Teaching Grace From Tomatoes

This article is part 4 of 4 in the series Grace


   Behold, two men without to grow tomatoes. The first took little time for preparation. Taking the tender plants in rough and careless hands, he threw them in makeshift holes, quickly dug. He kicked the dirt about them, thrusting them back and forth, and packing the dirt with the heel of his boot. His movements were harsh and unfeeling and he hardly finished the job of planting one when he moved on to the next one. Then he stood back and commanded the plants to grow. Marching around the little plants he would shout out his instructions, “Produce, I command you! Produce!”
   Day by day he would appear with the stick in hand, moving about in a threatening way. “Your quota is a total of thirty two tomatoes per plant this year and you’re already behind in your growth pattern!”
   The second gardener took an entirely different approach. With tender hands he softened the ground, turning the rich soil again and again. Gently placed each little plant in the best position to catch the morning sun. He noted the shade of the larger trees, and how they would provide a cover during the heat of the day. He mixed his fertilizer with the soil and made a soft texture around the plant.
   Day by day he would come out with a spade in hand and till about the plants, watering and carefully removing weeds that would make their growth difficult. As the plants grew he staked them out, allowing the spines of each plant to be strengthened. He pruned the “suckers” that drained energy from the plants.
   “I know all of you will do well”, he said encouragingly. “Don’t you be in a hurry, harvest time will come and we will feast together.”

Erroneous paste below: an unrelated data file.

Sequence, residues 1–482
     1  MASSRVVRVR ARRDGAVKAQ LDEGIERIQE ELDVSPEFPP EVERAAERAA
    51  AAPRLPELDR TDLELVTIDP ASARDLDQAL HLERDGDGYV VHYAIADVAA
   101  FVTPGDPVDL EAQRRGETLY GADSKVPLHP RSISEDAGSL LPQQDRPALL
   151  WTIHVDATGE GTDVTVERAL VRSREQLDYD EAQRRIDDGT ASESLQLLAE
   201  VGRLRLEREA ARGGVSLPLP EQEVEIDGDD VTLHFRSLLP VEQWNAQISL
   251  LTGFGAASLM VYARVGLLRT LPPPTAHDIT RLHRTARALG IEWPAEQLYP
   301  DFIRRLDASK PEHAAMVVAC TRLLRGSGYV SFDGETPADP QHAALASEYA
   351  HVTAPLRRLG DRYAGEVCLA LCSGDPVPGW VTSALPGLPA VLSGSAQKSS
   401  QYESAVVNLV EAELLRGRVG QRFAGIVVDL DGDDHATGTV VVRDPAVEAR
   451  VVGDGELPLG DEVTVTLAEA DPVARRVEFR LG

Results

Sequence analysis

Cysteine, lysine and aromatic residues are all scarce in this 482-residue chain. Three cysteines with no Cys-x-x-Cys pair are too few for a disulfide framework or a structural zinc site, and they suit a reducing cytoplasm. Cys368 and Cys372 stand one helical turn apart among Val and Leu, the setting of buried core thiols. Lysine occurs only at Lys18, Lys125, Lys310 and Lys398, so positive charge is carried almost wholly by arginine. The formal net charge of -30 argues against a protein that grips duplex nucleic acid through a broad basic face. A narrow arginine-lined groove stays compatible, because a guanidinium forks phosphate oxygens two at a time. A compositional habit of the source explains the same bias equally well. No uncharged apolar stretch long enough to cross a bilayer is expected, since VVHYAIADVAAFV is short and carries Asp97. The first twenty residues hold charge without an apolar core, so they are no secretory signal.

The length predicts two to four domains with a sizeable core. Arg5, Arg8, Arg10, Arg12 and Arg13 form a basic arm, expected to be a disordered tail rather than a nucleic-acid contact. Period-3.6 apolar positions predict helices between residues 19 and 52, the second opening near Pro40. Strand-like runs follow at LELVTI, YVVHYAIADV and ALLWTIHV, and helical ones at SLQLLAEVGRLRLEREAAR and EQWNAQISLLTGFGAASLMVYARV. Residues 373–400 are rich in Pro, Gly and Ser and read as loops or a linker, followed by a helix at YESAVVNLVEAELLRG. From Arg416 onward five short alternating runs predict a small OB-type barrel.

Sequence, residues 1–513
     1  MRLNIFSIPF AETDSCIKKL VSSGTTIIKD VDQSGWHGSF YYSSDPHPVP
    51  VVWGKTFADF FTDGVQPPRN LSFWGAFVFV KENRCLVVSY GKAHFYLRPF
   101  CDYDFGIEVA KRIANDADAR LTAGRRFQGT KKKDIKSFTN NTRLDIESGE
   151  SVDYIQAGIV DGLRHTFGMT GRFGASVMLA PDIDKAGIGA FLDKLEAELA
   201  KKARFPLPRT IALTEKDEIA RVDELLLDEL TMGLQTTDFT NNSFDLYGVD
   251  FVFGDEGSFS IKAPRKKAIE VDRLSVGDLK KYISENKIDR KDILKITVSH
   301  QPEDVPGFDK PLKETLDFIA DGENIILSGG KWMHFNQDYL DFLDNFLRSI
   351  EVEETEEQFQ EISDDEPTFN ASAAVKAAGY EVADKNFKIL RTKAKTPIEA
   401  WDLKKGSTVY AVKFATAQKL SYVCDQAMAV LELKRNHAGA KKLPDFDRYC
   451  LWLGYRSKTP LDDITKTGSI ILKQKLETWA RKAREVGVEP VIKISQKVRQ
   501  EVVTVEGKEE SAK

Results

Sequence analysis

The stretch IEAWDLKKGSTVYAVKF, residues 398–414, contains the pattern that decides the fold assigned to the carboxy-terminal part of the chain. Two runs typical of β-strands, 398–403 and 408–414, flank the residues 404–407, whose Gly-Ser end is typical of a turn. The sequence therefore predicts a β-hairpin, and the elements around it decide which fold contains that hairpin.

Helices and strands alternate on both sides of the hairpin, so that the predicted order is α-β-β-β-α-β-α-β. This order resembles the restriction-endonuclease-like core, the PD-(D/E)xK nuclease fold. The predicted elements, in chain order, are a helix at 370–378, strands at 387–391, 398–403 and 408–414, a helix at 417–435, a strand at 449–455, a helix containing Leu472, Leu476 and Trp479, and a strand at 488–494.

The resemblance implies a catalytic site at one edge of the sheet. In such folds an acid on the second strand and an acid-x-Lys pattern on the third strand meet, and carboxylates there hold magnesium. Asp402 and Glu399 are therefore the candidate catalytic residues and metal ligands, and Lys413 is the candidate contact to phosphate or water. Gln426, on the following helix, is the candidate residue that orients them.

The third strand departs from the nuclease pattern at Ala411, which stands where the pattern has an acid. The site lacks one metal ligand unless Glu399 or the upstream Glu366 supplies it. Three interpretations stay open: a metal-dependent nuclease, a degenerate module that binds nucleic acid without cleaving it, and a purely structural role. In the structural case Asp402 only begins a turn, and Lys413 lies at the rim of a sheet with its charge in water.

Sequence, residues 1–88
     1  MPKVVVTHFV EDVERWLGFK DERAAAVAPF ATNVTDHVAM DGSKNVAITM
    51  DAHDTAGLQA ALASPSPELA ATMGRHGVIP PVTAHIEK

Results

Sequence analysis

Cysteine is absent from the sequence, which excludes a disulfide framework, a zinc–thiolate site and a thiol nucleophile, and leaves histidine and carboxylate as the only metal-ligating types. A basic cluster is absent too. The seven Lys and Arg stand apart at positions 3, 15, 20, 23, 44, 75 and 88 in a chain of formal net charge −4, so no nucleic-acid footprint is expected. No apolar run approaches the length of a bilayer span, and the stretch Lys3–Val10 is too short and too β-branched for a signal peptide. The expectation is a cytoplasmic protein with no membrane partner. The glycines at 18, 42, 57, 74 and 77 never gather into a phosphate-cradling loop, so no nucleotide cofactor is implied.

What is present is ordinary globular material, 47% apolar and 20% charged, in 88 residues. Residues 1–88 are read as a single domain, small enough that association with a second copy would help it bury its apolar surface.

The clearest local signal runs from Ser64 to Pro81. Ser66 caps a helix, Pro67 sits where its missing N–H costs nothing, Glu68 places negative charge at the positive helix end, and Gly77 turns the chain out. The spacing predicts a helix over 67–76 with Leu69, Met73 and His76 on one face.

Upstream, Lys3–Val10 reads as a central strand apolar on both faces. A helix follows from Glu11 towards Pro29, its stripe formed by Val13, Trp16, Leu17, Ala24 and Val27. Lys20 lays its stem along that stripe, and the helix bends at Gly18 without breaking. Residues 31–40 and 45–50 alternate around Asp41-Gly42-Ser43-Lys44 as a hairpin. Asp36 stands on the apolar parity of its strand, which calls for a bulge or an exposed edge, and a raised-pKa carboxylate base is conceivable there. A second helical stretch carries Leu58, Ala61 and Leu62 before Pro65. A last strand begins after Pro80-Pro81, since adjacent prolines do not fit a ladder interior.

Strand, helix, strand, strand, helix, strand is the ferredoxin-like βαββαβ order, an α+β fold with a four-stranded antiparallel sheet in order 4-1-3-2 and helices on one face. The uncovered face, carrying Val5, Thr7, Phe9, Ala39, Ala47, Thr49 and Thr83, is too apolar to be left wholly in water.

The first man did not water is garden, nor did he bother to soften the hard lumps of clay. His fertilizer, without the necessary water, caused the plants to burn and wither. The ground hardened and the weeds grew. The man just could not understand tomato plants. “They’re just weak” he would grumble. “Next time I’ll plan something stronger – something that can really take it.”
   In time the harvest came.
   The plant that was beaten, in spite of the tragic circumstances produced some fruit. The branches had been broken and withered with the beatings of ‘guilt and failure’. The few tomatoes that were gathered were rather bitter. “Too much acid,” one remarked. No one was more disappointed than the plant itself, yet scars of daily neglect had taken their toll. Seeds were few for next year’s planting.
   The harvest of the other garden was rich and full. Tomatoes in all stages of growth in color literally way down the branches of all the plants. Seeds were set aside for the coming year and the fruit was gathered daily, well past the normal harvest time.
   People are much like tomato plants. Even the strongest ones need loving care, with words of praise and encouragement. Time is also a needed and useful element in maturity and harvest. The tomato plant, like the believer, has within the natural desire to bear fruit. The word of God sums it all up in these simple words… “But grow in the grace and knowledge of our Lord and Savior Jesus Christ.”
   (This was taken from dad’s study book “Amazing Grace – God’s Power To Be”).

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